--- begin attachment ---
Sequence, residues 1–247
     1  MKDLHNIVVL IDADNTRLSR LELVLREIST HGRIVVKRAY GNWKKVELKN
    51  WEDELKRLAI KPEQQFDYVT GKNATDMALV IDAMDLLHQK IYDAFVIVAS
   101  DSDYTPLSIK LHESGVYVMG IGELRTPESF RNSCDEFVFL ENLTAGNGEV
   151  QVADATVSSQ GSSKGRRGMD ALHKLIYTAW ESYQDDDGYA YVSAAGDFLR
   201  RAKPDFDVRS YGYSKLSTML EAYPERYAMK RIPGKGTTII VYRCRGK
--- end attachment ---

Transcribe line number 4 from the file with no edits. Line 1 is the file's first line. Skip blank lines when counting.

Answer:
   101  DSDYTPLSIK LHESGVYVMG IGELRTPESF RNSCDEFVFL ENLTAGNGEV